Which are the main troubles for a band that wants to stand out today Which is the best method to do it without sell out the band?

I feel if one of the goals you might have in your band is to “stand out”, then you should probably cross that one right off the list, because with the insane amount of bands that are really trying to push themselves via free internet promotion, you are not alone no matter what you’re trying to do. I can guarantee no matter what sort of unique blend or twist you put on your music, you’ll find a slew of others across the globe that are trying the same formula you are. Everything under the sun has been done and is constantly being re-created and updated just slightly different. I don’t really feel like it’s the sound that will make you stand out anymore, but what you actually stand for and strive for with your creations. As long as you’re creating something that you are passionate about, eager to share with the world, and are proud of with the final product, I think you have a winner on your hands. Too many bands are trying way too hard to find that “new sound” and its frankly just annoying. Everyone is just trying too hard to be cool, sticking their peacock feathers out and puffing up their chests to say look at us, look at us. Some people are really into that, but the majority of people just find it to be fake and annoying. I wouldn’t say there’s any best method except to just do what you love, and push forward in the most genuine and sincere way you can, and people will recognize and respect that.

Do you have any side-projects? How is your life besides the band?

I do some solo stuff time and time again under my name Brian Morgante. I have been doing it for years when I have the free time, and it seems to go over pretty well. I’ve done a couple tours with it, and its always a fun change of pace. The music is really slow-paced intimate folky stuff, in the vein of As Cities Burn, Manchester Orchestra, David Bazan, etc.  our bass player Tyler is in the straight edge hardcore band xRepresentx. They seem to do very well all over the world, and he’s actually out on the road with them as I type this. They did a 45 date tour in Europe last year that went over extremely well, and they make a great impact in the hardcore community worldwide.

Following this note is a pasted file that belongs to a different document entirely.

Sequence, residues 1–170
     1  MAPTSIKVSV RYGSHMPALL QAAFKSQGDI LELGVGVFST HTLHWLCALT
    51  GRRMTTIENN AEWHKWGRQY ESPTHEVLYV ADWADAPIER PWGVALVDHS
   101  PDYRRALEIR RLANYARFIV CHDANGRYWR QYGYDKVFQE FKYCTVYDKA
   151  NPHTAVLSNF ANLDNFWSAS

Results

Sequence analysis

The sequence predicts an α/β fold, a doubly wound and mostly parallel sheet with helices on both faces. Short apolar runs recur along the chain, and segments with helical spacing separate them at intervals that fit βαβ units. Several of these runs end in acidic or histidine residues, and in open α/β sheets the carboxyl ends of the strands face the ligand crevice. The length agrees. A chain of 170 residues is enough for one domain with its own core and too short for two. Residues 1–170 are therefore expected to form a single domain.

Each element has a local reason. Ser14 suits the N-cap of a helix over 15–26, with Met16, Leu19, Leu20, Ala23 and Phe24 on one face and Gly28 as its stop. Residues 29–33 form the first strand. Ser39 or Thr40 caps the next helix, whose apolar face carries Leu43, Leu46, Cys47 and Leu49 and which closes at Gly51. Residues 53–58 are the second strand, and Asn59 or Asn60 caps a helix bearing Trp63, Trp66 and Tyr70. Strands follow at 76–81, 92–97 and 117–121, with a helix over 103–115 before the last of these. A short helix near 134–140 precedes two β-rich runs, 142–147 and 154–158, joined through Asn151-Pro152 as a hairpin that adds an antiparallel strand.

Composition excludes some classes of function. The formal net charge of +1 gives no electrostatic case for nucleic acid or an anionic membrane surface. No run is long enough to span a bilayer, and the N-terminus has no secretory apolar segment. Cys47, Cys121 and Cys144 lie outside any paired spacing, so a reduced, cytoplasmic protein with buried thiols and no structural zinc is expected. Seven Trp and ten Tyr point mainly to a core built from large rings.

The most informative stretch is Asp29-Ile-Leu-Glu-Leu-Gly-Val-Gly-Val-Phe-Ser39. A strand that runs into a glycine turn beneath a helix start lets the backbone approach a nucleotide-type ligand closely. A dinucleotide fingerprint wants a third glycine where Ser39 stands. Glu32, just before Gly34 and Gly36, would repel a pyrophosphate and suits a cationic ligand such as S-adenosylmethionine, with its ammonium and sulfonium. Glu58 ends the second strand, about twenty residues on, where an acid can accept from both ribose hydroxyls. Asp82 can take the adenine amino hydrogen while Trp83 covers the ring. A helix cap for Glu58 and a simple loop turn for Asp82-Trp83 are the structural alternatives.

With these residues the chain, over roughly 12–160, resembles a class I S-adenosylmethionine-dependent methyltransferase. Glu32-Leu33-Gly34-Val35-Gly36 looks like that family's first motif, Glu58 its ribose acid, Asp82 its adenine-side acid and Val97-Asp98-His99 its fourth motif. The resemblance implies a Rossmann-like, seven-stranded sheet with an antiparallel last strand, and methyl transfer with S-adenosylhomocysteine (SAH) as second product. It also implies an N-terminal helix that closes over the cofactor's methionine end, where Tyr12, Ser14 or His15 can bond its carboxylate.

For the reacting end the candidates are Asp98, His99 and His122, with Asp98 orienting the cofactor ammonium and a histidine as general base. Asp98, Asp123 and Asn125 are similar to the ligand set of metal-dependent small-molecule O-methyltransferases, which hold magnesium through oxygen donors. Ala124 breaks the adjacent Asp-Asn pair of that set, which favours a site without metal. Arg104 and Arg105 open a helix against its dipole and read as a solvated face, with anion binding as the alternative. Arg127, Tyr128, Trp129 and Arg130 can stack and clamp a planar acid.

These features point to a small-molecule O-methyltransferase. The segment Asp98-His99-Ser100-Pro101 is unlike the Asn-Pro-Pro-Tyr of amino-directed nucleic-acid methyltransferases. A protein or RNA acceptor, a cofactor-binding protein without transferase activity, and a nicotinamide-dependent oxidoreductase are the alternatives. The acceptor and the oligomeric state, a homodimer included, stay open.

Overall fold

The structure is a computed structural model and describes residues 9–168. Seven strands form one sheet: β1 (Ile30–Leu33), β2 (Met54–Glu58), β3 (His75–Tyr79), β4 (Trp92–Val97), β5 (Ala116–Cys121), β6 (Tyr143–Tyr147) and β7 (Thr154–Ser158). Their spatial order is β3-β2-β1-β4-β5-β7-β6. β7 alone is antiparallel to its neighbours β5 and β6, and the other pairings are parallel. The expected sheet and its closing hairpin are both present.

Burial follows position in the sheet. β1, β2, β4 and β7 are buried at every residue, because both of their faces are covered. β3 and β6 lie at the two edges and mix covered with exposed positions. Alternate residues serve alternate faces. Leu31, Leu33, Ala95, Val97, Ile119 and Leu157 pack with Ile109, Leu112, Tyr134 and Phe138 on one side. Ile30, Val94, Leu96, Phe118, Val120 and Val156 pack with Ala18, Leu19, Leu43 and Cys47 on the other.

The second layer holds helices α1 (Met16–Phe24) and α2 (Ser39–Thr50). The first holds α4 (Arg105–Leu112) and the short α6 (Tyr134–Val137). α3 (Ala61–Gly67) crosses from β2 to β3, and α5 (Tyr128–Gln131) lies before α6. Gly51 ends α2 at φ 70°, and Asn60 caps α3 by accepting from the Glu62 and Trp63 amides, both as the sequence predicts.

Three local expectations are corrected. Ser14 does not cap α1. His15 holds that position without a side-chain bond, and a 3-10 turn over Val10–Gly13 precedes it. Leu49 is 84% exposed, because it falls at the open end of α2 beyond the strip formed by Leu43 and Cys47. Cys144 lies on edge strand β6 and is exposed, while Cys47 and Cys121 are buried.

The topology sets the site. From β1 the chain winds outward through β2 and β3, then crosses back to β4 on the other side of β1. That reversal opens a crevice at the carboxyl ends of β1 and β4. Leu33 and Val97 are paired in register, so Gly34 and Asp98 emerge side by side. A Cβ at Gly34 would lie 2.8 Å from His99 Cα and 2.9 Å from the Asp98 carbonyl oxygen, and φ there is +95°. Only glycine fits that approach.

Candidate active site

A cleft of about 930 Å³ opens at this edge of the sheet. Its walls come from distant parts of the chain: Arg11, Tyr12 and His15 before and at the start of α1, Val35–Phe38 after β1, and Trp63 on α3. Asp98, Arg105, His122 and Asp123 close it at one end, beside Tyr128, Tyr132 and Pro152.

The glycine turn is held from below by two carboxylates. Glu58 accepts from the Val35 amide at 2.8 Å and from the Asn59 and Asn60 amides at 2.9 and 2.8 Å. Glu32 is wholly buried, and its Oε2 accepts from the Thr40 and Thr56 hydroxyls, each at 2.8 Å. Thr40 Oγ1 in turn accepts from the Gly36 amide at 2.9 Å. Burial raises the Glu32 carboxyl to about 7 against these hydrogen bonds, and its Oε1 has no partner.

Is there a live experience that you would like to do again Are there any confirmed dates?

We enjoy most of the shows that we play, as we have been through a lot of areas that have some amazing people and bands doing something very good. I’m not sure if there’s anything super specific that stands out, but we just plan on continuing to pass through all of the different cities and areas where we have created bonds with like-minded people and bands, are want to continue to grow together in the future.

Is there the possibility to see you in Europe?

Absolutely! We really want to come overseas and do a lot of touring as soon as we can. It takes money to get over there, but we would love to save up and keep promoting over there to really make sure it could work out! Just very general speculations and estimations, we would love to see ourselves get overseas even as early as next summerfall if at all possible. In order to do things like that though, we certainly need your help! Haha.

Thanks for the time you spent with us, the last message for our readers is up to you.

We just want to thank you for letting us be a part of what you are doing. It’s important to keep things like this alive, and we’re humbled to even have the chance to be a part of your community through this. We invite any and all of you to listen to our entire album right now over at www.deadhorse.bandcamp.com and if you like the music, get a digital download of the album for only $7, it will help us out tremendously, and get us across the ocean to come see you guys! Keep doing what you love, chase your dreams, and always be creating something new, because we are all